Long-Term Care Awareness Month
November marks Long-Term Care Awareness Month, a time to raise awareness and understanding about long-term care. We also celebrate Thanksgiving this month – a time for gathering with loved ones and reflecting on the significance of family connections.
When we think about family and people we love, although not as pleasant of a topic as Thanksgiving, we think about long-term care and the need for it. I have several stories about long-term care in my family.
My grandmother, Grandma Betty, ended up in a nursing home for the last few years of her life. She was taken care of for a while by my uncle. When he couldn’t do it anymore, she ended up in a nursing home. She did not have long-term care insurance and was on Title 19. My grandfather, her husband, Maury, also ended up in a nursing home at the end of his life. My parents ended up in assisted living.
Many of us are familiar with someone in our lives, whether it be a family member, a friend, or even the next generation, who has found themselves in a situation where long-term care becomes necessary.
Long-Term Care Statistics
Let’s talk about some sobering statistics and then explore some existing solutions. As we enjoy longer lives, it becomes increasingly important to consider the potential need for long-term care. For instance, if I were speaking with a couple both aged 65, there is a 70% chance that at least one of them will require long-term care before the end of their lives.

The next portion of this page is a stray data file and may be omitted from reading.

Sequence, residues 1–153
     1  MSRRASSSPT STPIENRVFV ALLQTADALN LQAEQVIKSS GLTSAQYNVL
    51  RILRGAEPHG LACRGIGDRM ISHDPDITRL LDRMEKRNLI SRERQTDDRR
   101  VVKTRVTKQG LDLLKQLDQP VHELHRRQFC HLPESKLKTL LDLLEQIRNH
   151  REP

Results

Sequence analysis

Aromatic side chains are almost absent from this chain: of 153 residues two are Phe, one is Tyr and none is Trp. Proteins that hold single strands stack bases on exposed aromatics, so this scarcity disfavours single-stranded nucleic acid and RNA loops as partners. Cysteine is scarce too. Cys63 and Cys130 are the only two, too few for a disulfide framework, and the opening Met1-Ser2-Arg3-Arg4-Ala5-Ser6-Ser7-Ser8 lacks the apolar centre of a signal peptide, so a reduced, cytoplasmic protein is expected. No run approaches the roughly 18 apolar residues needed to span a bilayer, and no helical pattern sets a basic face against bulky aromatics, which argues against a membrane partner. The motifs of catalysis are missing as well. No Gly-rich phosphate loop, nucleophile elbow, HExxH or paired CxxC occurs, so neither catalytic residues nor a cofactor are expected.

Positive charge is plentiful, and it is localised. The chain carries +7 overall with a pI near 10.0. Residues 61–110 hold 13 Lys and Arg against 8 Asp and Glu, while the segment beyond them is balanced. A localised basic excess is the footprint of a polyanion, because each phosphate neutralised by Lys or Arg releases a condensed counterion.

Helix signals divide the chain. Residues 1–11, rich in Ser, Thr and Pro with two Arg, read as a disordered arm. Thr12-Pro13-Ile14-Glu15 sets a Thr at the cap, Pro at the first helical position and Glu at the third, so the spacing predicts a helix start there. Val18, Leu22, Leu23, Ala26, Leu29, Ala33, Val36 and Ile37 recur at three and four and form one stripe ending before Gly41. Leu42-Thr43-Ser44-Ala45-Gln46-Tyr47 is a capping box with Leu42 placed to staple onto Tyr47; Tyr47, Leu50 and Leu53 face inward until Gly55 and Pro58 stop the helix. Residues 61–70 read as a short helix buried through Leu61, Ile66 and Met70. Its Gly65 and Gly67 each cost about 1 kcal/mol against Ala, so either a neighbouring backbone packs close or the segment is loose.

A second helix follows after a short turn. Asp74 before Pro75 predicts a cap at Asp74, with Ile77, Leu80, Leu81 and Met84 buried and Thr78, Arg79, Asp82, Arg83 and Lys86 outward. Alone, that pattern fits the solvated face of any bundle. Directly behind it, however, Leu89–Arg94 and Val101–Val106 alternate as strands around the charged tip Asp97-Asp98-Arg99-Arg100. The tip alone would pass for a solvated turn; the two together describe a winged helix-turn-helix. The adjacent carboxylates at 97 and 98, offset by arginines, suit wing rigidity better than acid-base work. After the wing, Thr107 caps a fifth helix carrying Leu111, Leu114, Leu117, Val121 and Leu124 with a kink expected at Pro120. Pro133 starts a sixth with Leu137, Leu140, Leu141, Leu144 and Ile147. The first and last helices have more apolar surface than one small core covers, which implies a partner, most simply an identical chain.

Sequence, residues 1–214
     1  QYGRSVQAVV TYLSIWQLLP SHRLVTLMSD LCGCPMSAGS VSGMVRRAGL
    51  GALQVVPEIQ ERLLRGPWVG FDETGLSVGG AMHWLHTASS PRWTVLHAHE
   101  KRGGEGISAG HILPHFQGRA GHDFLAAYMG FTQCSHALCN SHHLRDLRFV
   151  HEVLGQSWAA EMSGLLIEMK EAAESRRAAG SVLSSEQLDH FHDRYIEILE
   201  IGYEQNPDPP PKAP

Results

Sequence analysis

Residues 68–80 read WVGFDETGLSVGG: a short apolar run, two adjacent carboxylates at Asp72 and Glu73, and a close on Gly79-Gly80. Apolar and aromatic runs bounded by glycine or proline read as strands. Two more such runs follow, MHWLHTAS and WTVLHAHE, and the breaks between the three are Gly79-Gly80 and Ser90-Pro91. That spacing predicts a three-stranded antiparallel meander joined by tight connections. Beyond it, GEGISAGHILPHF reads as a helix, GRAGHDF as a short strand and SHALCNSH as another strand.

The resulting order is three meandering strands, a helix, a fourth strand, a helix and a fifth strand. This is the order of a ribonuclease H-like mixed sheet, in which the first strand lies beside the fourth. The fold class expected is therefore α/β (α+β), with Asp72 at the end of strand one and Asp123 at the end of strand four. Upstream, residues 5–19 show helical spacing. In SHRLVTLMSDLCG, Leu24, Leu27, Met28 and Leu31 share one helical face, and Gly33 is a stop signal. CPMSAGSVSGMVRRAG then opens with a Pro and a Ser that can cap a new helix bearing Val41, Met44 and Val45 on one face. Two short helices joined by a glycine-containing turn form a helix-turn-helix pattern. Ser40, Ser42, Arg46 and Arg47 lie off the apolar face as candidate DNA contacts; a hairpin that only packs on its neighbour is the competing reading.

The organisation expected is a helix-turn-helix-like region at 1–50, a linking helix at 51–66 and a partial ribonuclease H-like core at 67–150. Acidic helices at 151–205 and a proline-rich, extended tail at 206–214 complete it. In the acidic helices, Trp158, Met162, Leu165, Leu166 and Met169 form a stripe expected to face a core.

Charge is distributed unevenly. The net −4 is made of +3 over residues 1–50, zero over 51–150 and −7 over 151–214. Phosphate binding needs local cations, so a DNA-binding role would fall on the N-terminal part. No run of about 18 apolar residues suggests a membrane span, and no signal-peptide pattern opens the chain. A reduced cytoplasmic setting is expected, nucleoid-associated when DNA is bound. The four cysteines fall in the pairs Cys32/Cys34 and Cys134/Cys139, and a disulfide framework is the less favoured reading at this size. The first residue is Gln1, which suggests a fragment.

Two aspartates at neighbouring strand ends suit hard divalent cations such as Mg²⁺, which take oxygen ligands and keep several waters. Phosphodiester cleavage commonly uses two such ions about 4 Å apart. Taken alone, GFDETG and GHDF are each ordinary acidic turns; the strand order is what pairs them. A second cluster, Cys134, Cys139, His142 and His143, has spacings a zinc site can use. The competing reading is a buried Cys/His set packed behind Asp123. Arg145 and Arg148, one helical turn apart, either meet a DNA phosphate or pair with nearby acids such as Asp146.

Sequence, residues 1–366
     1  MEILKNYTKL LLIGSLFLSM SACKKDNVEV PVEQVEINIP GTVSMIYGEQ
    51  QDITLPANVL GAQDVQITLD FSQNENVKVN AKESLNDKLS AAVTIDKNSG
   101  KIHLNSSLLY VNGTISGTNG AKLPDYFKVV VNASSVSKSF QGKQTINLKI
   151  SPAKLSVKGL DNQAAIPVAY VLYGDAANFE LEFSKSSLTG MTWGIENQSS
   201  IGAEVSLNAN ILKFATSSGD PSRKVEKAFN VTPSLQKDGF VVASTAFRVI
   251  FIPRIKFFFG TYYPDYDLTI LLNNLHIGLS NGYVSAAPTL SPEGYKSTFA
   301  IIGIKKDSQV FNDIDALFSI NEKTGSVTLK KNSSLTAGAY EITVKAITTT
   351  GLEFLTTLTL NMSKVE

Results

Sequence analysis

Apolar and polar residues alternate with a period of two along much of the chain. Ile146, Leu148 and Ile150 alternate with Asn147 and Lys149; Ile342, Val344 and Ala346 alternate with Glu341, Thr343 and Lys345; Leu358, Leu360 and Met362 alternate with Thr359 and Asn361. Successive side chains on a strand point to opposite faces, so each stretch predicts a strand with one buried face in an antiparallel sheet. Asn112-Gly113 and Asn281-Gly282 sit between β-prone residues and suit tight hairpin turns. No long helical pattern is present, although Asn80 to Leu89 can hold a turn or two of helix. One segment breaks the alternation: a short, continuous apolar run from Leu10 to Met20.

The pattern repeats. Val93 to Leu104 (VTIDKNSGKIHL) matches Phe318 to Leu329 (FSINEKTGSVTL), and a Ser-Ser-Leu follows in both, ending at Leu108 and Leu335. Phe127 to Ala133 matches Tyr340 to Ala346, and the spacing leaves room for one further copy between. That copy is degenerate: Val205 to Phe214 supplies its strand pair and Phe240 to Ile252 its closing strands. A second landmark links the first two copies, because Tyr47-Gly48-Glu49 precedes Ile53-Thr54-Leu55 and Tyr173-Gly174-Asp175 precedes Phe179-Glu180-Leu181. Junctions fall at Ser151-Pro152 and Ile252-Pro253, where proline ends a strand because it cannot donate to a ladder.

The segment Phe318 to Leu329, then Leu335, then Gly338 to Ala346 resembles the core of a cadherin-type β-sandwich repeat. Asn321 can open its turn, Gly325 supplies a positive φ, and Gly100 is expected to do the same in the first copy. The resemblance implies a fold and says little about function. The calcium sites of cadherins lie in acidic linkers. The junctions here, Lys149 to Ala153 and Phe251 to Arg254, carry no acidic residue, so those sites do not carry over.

That 70% is a pretty sobering statistic. What that means is almost all of us have to consider our options here and do some planning. Let’s discuss who really gets hurt in the process of somebody needing to pay for long-term care.
I’ll use myself as an example. I’m married to Wendy. And if I need long-term care, it’s her that gets hurt financially, not me. If I’m in a nursing home, I’m going to get the same level of care whether I’m dead broke, on Medicaid, have lots of money to self-pay, or if I have insurance. But her lifestyle is going to be affected when she’s not in the nursing home and our savings are going to pay for my nursing home care.
Let’s consider an average couple from the Northeast as an example. The cost of long-term care in Connecticut is approximately $166,000 per year, while in Massachusetts, it is around $132,000. Now, let’s assume we have saved a million dollars for retirement and that my care costs amount to $150,000. With our retirement savings and care expenses factored in, it won’t take long for our million dollars to start going down, down, down.
Think about what that does to Wendy psychologically. She has me in the nursing home, money being spent that she hoped to leave to our kids and grandkids someday, or she might be worried about running out of money. And it’s not just about running out of money; it’s the thought that’s going through her mind and the impact it has on her quality of life. Surprisingly, long-term care can be a greater challenge for those who don’t enter nursing homes compared to those who do.
I want to reiterate those statistics I mentioned. In Connecticut, the average cost of long-term care is $166,000 per year. Meanwhile, in Massachusetts, the average cost of long-term care amounts to $132,000 per year. And we’re all living longer. Medical science has created amazing ways to keep us alive, to improve our health. However, there may arise a situation where either someone you know or even yourself may require long-term care for an extended period of five, ten, or more years. This is the challenge with long-term care.